How to Create Amazing Photoshop Brushes on Your iPad

By on May 26, 2016 in Community
How to Create Amazing Photoshop Brushes on Your iPad

In my last article I wrote about Adobe Shape CC, one of the new mobile apps that Adobe released to the Apple iOS app store in late 2014, which allows us to capture real life elements with the device camera, convert them to vector and save them into the Creative Cloud for further use in Adobe’s desktop applications (Photoshop, Illustrator, InDesign, et cetera).

In this article we’ll be exploring a similar workflow with one of Adobe Shape’s companion apps, Adobe Brush CC. Adobe calls these “capture” apps and they’re especially useful for hands-on designers. When you’ve installed the application on your iOS device and signed in with your Adobe ID, we’ll continue with the next step — learning the interface.

FYI: I’m using an iPad for this tutorial; the iPhone interface may differ slightly.

Adobe Brush’s Interface

At first you’ll be shown My Library. I’ve come to realize that with Adobe mobile apps this is rather normal, however, Adobe Shape took me straight into the camera mode and showed me how to capture a vector, which I felt was more useful. Nonetheless, lets explore the interface while it’s here.

In the top-left corner of the device screen you’ll see the Adobe Brush CC logo — there’s nothing interesting here; only things related to Adobe and your Creative Cloud subscription.

Skip on over to the other side and there will be a three-circle icon — this will let you rename your library of brushes or select a friend to collaborate on this library with. If you’d like to create a new library, click My Library>Create New Library from the top-middle dropdown field.

So there you have it, brushes and libraries to store the brushes in.

Step 1: the interfacePin It

Creating a Brush

Press the “+” icon (on the left) to initiate a capture. If you don’t already have an image in the Camera Roll or in your Creative Cloud that you’d like to use, select “Camera” and take a snapshot of your hand-drawn brush. For this exercise I applied vermilion acrylic directly from the tube (no brush) onto the canvas in my notebook, and as you can see from the screenshot below, it comes out quite thick. Choose Illustrator in the next screen and tap “Next”.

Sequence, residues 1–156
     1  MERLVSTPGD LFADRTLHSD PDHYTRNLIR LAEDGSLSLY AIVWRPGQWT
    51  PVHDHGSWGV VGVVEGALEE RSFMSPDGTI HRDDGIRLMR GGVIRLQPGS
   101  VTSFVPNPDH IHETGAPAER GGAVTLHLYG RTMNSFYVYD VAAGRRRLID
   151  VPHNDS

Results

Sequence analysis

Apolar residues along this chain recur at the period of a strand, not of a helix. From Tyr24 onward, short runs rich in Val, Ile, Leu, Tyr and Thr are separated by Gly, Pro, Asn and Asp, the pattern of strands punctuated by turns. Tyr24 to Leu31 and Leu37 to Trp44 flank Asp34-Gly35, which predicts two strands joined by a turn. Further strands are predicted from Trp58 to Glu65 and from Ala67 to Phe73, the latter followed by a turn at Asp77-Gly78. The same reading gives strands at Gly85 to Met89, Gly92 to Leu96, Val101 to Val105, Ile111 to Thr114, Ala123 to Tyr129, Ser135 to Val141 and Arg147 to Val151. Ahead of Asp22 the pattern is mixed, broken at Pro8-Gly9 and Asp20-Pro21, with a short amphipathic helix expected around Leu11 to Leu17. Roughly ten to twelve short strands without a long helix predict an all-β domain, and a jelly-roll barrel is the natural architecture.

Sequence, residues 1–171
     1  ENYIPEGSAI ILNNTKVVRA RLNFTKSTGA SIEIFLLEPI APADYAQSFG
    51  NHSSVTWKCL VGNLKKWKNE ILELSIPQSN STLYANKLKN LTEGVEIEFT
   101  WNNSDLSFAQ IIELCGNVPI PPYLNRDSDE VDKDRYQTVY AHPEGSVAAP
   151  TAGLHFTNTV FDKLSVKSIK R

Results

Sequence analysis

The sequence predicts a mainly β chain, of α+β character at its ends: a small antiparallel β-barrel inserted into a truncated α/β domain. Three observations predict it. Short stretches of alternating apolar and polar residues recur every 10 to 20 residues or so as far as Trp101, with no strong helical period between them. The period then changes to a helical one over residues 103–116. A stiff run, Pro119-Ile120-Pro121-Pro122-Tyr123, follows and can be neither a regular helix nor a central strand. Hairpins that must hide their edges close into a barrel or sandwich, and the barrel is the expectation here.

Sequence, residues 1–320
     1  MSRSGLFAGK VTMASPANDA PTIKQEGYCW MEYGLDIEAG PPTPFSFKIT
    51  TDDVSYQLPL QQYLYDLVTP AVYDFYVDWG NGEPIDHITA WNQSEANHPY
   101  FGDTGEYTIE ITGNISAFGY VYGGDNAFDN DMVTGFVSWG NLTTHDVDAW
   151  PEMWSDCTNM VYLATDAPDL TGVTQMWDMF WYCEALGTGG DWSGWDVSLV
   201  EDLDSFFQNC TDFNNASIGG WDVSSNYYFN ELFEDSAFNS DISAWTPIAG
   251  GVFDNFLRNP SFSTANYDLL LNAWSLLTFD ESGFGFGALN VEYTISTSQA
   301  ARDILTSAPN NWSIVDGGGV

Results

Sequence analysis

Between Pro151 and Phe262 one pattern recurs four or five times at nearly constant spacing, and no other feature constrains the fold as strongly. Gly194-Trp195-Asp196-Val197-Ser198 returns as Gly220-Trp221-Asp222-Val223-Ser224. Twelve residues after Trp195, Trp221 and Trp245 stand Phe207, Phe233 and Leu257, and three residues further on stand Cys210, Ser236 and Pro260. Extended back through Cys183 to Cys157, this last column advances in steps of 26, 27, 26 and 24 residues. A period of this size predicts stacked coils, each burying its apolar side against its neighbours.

Brushes work differently depending on the application they’re used in. Illustrator brushes are vector and use the .ai filetype, whereas Photoshop uses .abr, and isn’t vector. It’s important to understand that Illustrator brushes will not work in Photoshop, and vice-versa. You’ll need to create a brush for each application.

Step 2: creating a brushPin It

Our Brush Is Like a Worm

Have you ever seen a worm and wondered which side was the head, and which side was the tail? Well, our brush is like a worm and we need to establish its anatomy. Luckily, we can use two intuitive touch gestures (panning and rotating) to clarify this; the aim here is to crop unwanted areas.

In the case of this example, I want to keep the entire thing, and so I’ve moved the capture directly in-between the Tail and Head lines. Anything outside of the Body area is cropped. Don’t worry about about the quality of your capture for now, we’ll have the chance to refine it in the next step.

Press “Next”.

Refining the Capture

What’s most important in this screen is the Threshold scrubber. If you observe the two examples below you’ll notice the difference between low and high threshold, but this feature is available in both Photoshop and Illustrator so I’m sure you’re familiar with it. Just remember that the “Preview” (above) is how your brush will appear, and for good measure it’s always advised to test your brush on the actual canvas (right).

If something is amiss, simply erase it on the canvas with a swipe, and when you’re satisfied with it, tap “Next” again to continue to the next step.

Step 3: refining the capture, low thresholdPin It
Step 4: refining the capture, high thresholdPin It

Last Minute Tweaks

In this final step we’ll be able to change both the Size and Pressure of our brush, but because this is a trial-and-error approach, you’ll need a blank canvas; the top-right icon will offer you more canvas space and the icon below that will wipe it clean. If you’re not able to yield any desirable results you can can click on Style, Crop or Refine and alter those settings again.

As you can see, I have a rather flat edge on the head of my brush and that’s caused by the combination of high threshold and bad lighting. I actually rather like it, but if you’re going for accuracy, the trick is to capture your brush in flawless lighting. Outdoor, natural light works best.

Step 5: last minute tweaksPin It

I’ve Created a Brush, Now What?

Press “Save” — now the brush is in your library. It’s non-destructive, so you can continue tweaking and testing it later on, but in the meantime it’s automatically synced to your Creative Cloud. You can use your library assets in both Illustrator and Photoshop by navigating to Window → Libraries.

Conclusion

If you followed this mini-tutorial then you successfully made a brush using an iPad, and I think that’s very impressive. If you’re into illustration and vectors too, don’t forget to read my other tutorial on Adobe Shape CC.

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Daniel Schwarz

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I\'m a designer and digital nomad. I started a content company called Airwalk Studios—I\'m co-editor of design at SitePoint, writer at Creative Market and .net Magazine and 4x author. Currently selling .sketch resources and unedited photography at Creative Market.

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